Wednesday, February 22, 2023
Wednesday, February 8, 2023
My Journal of Gratitude
Depression and anxiety are suffocating emotions. During a particularly difficult season in my life, I fought back the onslaught of both. To name a few of the issues: my teens were lying, my parents were dying, we were dog broke, and I was dealing with too many menopausal issues to count. I was spinning plates as fast as I could, and yet there was no peace on the horizon. Life felt extremely heavy! The burdens I carried were weighing me down into a miserable pit. But as a Christian, I even piled shame on myself for feeling this way. Wasn’t I supposed to be living an abundant life? BUT GOD! He graciously intervened.
During that particularly difficult season, I read the book 1000 Gifts by Anne Voskamp. Desperately needing some oxygen for living, and inspired by Anne’s story, I started journaling everything that I could possibly be grateful for. I asked God to open my eyes to even the smallest gift . . . like a knuckle to help wrap my finger around my coffee cup, like heating and air conditioning, like toilet paper, like fresh air. This daily exercise didn’t lift me out of my pit immediately, but it started a rich journey toward a new type of wholeness—a wholeness birthed through the lens of a grateful heart.
As I continue to diligently open my eyes and my heart to all the gifts in my life, I began to recognize them everywhere. It was like there was a whole new world to appreciate that I hadn’t taken the time to see or made the choice to notice.
Across weeks of writing down and” naming” these gifts, a light-heartedness developed even amidst the trials of each day. My grateful heart slowly pushed out the weightiness of my days. I began to realize that a grateful heart and an anxious heart could not simultaneously reside in the same person at the same time. It was either anxiety or gratitude taking up the space of my heart. I became excited to venture into each new day with new eyes to see new gifts. Depression gave way to a gratitude, and gratitude became my best antidepressant. Not just a “one and done” type gratitude, but a consistent diligent gratitude that almost refused to be sucked back into that pit of despair again. My life was too precious to live that way.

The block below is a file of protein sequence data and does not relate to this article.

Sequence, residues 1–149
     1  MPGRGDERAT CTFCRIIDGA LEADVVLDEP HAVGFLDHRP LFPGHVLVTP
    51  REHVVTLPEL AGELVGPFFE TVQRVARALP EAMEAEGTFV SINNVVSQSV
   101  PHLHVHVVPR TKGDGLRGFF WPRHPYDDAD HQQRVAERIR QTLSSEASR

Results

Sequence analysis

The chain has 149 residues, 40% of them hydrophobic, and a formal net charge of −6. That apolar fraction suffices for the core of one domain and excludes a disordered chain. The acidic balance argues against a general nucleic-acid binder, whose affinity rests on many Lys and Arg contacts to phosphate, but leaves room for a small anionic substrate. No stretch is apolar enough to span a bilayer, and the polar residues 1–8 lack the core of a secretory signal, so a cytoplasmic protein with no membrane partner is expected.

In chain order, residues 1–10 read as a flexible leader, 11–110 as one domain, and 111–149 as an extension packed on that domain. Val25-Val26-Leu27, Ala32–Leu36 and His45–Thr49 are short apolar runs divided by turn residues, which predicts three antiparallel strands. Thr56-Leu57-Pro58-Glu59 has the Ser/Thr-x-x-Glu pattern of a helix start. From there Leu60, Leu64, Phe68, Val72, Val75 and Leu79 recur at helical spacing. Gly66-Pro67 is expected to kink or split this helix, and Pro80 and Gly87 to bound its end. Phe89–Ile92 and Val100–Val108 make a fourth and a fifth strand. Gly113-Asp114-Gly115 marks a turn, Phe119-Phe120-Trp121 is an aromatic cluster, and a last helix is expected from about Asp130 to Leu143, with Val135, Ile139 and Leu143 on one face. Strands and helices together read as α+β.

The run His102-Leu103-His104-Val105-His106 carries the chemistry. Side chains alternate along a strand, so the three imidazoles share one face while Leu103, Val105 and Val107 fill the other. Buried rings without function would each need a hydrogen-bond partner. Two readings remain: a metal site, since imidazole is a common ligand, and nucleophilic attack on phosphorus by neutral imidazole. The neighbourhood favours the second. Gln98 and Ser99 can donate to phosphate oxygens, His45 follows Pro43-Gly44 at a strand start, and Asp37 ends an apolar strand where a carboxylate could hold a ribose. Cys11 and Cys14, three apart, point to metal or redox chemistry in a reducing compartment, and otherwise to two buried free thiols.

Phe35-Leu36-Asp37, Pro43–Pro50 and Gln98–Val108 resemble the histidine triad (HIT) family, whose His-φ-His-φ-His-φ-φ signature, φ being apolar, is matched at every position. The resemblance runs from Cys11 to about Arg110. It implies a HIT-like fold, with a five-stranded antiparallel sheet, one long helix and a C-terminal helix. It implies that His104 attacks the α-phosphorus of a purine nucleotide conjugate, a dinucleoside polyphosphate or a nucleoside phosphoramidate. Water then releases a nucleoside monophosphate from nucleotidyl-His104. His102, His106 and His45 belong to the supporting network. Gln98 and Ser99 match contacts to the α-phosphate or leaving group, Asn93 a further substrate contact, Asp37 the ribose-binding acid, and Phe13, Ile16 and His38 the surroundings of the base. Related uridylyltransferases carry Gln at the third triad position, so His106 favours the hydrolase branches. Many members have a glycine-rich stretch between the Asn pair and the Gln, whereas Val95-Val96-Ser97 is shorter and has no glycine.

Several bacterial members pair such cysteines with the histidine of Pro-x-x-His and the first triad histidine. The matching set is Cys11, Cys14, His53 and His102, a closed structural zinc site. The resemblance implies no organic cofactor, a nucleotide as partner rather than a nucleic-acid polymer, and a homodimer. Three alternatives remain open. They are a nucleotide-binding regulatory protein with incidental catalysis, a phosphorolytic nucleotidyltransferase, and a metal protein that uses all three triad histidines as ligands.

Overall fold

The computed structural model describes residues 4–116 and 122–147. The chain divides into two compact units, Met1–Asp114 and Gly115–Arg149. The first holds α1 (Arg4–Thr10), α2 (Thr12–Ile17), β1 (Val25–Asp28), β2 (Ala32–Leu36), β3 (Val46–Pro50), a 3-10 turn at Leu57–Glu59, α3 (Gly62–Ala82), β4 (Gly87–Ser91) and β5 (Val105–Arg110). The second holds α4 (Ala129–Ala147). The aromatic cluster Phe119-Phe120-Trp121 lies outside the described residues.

I flew through 1,000 gifts within months and decided that this was a new way of life. A grateful heart had transformed my days. Even more exciting, my grateful heart began to permeate my home and my family. So many things began to change when I changed my heart. This is a battle ground worth fighting on. I celebrated this new life-giving habit. I found that there is transforming power in a grateful heart.
Ponder the tension between your gratitude and depression, between joy and sadness. How can you make deliberate choices to open your eyes and journal all the gifts you have been given?
Lord, help me constantly and daily choose to see Your gifts everywhere. Open my eyes to gratitude and the choice to give You thanks in all things.
*So, I have read the book by Anne Voskamp. At one time I started listing hundreds of things, small and large, to be thankful for. It was a good thing to do.
I’m deciding to do that again, with the desired outcome of increasing my joy.
Some days I will only list one thing. Other days, several things.
I need to develop an attitude of gratitude and learn to be aware of all the thousands of things that I have to be grateful for--big things, small things.
BECOME MORE AWARE.
Today I am thankful for the awareness that I am “back on track” with my favorite hobby, watercolor art. It has been a bit of a challenge, after taking a break through November and December. I am now able to move forward, and although I always know that I need to improve--a lot--I do allow myself to enjoy feeling good about a piece that I have completed.
Yesterday and today I was able to follow along with a tutorial by Louise de Masi to complete this sweet little giraffe.
So, I’m thankful for this today.
Saturday, February 4, 2023
Having a bit of a hard time getting back into the comfortable feel of painting where I was before the long break over the holidays. I am not particularly proud of either of these two pieces, but I share them in the interest of being accountable.
The righteous thrive like a palm tree and grow like a cedar tree in Lebanon. Planted in the house of the Lord, they thrive in the courts of our God. They will still bear fruit in old age, healthy and green, to declare, “The Lord is just; he is my rock, and there is no unrighteousness in him.””
Psalms 92:12-15 CSB
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